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1-26-15 - LMS wallpaper: a collaboration with the children of Litchfield Montessori School

We recently had the opportunity to collaborate with the children of the Litchfield Montessori School to create a digitally printed wallpaper to be auctioned off at a school fundraiser.

Every student, from toddler to 6th grade, painted a small non-objective painting which was given to us as the artwork and inspiration for the wallpaper. We then had the pleasurable task of creating a custom, repeatable pattern featuring each student work.

In the process of scanning and digitizing the paintings, we were able to enjoy the unique quality of each piece. We could see the personalities of each of the children in their brush strokes and color choices. Some created a motif with lines and shapes while others painted fields of their favorite hues.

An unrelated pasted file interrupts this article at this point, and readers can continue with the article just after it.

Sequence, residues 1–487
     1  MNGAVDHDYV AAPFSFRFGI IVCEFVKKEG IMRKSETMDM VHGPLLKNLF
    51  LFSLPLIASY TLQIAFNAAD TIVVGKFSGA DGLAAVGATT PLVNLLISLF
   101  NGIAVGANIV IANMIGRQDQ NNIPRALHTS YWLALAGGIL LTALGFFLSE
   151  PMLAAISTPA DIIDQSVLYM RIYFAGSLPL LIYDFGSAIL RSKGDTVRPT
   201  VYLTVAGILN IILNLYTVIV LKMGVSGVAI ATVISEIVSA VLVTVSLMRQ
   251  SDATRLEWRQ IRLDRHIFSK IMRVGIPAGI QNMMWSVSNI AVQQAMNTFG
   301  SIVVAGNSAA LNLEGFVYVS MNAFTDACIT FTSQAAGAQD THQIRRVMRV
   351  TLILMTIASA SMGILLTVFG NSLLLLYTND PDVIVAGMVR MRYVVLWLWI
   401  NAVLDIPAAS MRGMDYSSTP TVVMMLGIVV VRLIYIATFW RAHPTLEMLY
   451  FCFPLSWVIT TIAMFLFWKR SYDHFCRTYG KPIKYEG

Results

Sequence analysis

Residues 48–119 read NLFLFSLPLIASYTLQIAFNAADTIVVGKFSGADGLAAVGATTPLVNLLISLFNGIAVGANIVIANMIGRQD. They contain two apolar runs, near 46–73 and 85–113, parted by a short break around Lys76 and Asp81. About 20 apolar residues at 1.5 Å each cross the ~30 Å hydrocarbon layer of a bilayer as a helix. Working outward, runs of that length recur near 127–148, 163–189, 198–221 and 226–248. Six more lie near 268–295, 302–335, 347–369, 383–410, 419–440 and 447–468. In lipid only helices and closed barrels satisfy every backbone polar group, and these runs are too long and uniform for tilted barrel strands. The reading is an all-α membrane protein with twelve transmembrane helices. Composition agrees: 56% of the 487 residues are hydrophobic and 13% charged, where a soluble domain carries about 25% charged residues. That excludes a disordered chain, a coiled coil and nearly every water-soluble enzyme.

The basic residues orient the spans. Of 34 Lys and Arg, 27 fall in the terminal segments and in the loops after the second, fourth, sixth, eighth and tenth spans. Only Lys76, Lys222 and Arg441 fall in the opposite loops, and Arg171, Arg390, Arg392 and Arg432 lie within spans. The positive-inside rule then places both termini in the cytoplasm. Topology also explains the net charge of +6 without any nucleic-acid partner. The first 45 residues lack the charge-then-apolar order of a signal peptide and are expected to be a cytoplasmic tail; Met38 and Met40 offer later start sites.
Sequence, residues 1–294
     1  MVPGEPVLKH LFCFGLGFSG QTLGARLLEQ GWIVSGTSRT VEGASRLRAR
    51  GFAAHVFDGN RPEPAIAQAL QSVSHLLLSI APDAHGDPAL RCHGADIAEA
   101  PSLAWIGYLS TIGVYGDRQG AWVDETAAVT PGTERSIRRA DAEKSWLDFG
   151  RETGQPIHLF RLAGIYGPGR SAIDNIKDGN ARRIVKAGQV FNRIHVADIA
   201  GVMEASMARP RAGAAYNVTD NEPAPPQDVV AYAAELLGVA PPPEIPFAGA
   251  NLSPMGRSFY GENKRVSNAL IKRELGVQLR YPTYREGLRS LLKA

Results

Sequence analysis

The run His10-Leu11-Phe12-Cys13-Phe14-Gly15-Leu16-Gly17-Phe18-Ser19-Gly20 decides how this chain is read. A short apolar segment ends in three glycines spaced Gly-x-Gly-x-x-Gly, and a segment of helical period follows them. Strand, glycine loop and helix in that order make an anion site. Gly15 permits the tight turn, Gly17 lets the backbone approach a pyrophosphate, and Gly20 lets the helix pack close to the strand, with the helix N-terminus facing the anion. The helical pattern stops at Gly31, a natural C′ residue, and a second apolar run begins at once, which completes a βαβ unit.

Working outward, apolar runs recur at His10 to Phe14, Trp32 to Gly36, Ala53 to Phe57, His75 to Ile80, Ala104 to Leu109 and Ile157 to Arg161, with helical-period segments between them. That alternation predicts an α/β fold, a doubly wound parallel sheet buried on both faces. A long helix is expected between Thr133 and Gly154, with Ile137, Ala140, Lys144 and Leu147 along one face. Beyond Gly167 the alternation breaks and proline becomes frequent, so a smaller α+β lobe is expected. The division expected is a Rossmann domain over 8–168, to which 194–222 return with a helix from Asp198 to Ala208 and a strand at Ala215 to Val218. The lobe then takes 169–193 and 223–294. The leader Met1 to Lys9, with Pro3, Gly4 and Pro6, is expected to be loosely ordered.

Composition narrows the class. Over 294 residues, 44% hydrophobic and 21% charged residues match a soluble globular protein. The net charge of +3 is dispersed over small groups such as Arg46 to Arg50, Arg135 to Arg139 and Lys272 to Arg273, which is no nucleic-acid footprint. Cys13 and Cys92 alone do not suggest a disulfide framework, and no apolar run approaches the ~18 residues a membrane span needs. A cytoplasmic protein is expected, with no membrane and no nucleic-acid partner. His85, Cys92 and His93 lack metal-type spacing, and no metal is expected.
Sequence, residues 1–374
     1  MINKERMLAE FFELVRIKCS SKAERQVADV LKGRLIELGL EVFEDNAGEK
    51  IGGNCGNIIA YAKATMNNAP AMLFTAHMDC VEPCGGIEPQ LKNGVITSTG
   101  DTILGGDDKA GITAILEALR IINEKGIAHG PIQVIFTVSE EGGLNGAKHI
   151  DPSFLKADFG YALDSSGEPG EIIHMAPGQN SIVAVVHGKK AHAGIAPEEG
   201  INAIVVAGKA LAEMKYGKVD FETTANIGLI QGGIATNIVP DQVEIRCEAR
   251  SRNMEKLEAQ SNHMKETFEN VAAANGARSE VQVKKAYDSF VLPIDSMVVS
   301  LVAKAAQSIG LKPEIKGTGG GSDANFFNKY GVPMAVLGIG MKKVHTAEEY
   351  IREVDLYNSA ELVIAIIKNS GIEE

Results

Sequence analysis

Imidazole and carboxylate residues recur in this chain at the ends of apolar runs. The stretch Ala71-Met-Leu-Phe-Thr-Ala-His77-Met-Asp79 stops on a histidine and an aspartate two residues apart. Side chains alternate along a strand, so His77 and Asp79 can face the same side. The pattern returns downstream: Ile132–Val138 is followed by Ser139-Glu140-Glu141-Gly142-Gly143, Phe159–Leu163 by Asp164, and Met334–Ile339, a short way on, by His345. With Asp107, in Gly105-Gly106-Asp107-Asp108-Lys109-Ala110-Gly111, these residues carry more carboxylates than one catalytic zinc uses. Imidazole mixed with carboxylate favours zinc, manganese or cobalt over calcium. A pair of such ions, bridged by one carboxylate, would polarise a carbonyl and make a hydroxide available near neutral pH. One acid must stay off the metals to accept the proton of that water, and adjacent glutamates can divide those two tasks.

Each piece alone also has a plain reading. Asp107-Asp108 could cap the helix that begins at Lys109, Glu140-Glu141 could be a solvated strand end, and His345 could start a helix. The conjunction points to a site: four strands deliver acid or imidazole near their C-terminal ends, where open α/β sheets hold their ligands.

We chose to highlight the individualism of each child by creating a gridded polka dot pattern with each painting as its own dot. By digitally printing this wallpaper, we were able to properly represent the vibrant colors and painterly nature of the work.

It was a joy and honor to collaborate with the children of the Litchfield Montessori School. There was a feeling of gratification in watching the kids pick out their paintings and beg their parents to be the winning bidder. Ultimately, we were so pleased to be able to contribute to the school by creating a wallpaper that reflects the true beauty of the nurturing Montessori community.

A rendering of our finished LMS wallpaper.

We love working on custom projects like this one so please contact us with your creative concepts!

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12-5-14 - new york at night in 3,454 paintings